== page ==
On the immediate coast, there are several “secondary” migrant traps; they are not isolated from other vegetated areas and bird concentrations are not as great; incoming birds may stay for a day or two until the weather clears, then tend to eat their way northward. From east to west: Grand Bay Savanna NWR, Bellefontaine Beach, Gulf Islands National Seashore at Davis Bayou, all in Jackson County, Beauvoir and Clower Thornton Nature Trail in Harrison County, and the Coastal Preserve at Ansley in Hancock County. Bottomlands of the Pearl and Pascagoula Rivers are also productive of birds after a major fall-out.
Fortunately, there is a middle ground. A gentle north wind or a rain shower tends to precipitate migrants in smaller numbers. When rain and wind combine, bird watching is at its best, and migrant birds are lively. At such times one’s own backyard may become a hotbed of bird activity. The scenario repeats itself throughout all areas of the state.
April: There is greater species diversity in April than any other time; some winter visitors are slow to leave; summer residents are arriving, and birds that are known as transients take center stage. Transients are passers-by in Mississippi; since there are limited time frames during migration in which to see them, they are prized among bird watchers. Some typical transients include American golden-plover, buff-breasted and upland sandpipers, alder flycatcher, Philadelphia vireo, magnolia and Blackburnian warblers, rose-breasted grosbeak, and bobolink.
As a general rule bird-watchers find transients in most of the sites listed throughout, but as the name implies, a migrant trap remains the best of the coastal sites. The weather systems that produce dramatic fall-outs happen most often in mid to late April. Watching for shorebirds, and by that we mean plovers, sandpipers, and similar species with strange –sounding names, are among the most sought after, especially at inland locations. One of the most productive of them is the A&D Turf Farm, about 7 miles south of Oxford and just west of the Intersection of Highways 7 and 14. Other good areas are the pasturelands of the Delta, and the low and fertile lands below the levees all along the Mississippi River. Shorebirds also frequent the larger lakes and reservoirs; naturally one looks for them when water levels are low, resulting in exposed flats.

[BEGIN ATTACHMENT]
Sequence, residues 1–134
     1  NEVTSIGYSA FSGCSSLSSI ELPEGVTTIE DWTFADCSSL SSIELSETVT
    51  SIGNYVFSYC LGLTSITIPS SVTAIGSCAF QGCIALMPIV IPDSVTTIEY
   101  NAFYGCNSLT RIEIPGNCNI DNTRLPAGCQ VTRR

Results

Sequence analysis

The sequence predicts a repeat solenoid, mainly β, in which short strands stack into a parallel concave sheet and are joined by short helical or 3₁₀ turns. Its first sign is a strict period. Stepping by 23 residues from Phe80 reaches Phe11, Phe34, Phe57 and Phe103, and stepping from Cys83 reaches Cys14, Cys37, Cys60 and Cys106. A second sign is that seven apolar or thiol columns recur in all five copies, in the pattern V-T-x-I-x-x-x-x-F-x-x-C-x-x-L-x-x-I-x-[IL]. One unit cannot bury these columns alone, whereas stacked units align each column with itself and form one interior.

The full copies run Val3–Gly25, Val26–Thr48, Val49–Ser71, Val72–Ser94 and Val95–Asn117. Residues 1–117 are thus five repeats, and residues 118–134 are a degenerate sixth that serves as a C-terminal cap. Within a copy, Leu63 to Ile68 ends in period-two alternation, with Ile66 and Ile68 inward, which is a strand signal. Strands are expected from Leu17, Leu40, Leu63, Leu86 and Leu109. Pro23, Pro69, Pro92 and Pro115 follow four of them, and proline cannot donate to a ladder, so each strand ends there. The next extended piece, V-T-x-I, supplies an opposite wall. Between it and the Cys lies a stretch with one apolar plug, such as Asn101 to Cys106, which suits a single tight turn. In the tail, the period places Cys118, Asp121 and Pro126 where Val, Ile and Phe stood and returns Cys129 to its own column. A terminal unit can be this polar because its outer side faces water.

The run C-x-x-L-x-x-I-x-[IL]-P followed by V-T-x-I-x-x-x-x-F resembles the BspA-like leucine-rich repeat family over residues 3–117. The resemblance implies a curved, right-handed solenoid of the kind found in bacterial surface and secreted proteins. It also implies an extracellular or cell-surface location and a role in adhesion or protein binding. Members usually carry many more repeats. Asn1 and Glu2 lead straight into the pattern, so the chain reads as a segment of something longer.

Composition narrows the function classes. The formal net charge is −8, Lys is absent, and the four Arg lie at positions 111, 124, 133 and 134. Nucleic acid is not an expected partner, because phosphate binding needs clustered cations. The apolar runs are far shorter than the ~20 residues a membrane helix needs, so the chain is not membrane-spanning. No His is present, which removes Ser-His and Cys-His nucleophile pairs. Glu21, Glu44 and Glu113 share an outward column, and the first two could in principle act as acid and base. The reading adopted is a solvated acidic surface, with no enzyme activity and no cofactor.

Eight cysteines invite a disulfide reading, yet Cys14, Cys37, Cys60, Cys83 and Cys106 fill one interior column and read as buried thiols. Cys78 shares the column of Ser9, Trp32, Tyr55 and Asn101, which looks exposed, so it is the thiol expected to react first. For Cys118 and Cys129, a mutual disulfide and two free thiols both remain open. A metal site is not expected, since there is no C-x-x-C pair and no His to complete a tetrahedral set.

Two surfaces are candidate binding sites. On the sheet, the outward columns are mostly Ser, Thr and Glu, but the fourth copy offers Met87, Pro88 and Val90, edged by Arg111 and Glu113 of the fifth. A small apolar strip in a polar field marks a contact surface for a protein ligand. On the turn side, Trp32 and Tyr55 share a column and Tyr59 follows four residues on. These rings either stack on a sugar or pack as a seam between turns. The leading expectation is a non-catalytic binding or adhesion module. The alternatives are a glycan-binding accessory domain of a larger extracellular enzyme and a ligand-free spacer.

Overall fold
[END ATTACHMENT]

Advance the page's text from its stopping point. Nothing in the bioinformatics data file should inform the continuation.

May: Spring migration continues in May; in the coastal counties it may appear to be over, but it is not. Even larger numbers of some wanted species are among the last to pass through. Those who leave the bird watching theater before the final credits have rolled may miss birds such as the white-rumped sandpiper, black-billed cuckoo, or mourning warbler. A visit to Tishomingo State Park or any other of the aforementioned sites, especially in the northern two-thirds of the state, should provide ample opportunities for finding transient species even late into the month.
By May virtually all species that nest within the state are well into that activity, and may already have produced a first or even second clutch. Birds sing more persistently in the breeding season, which makes May an ideal month for learning the songs and calls of our nesting birds.
For that activity, it is very important to get out into the field early. Almost all birds sing in the half-hour before dawn. It may seem that all are singing at the same time, but once the dawn chorus subsides, it becomes easier to track down a singing bird. A look at a singing bird helps to put song and bird together in your mind and memory. Keep in mind that not more than a couple of dozen individuals are likely to be singing in the same general area.
Species associated with pine woods are limited, as are those of bottomlands, mixed woodlands, open areas, and other broad habitats. For example, when in pine woods, listen for these typical species: northern bobwhite, red-bellied and downy woodpeckers, eastern wood-pewee, eastern kingbird, blue jay, American crow, brown-headed nuthatch, eastern bluebird, pine warbler, summer tanager, eastern towhee, blue grosbeak, and orchard oriole. In the northern part of the state, pine woods habitats are absent of species such as brown-headed nuthatch and more productive of species such as chipping sparrows.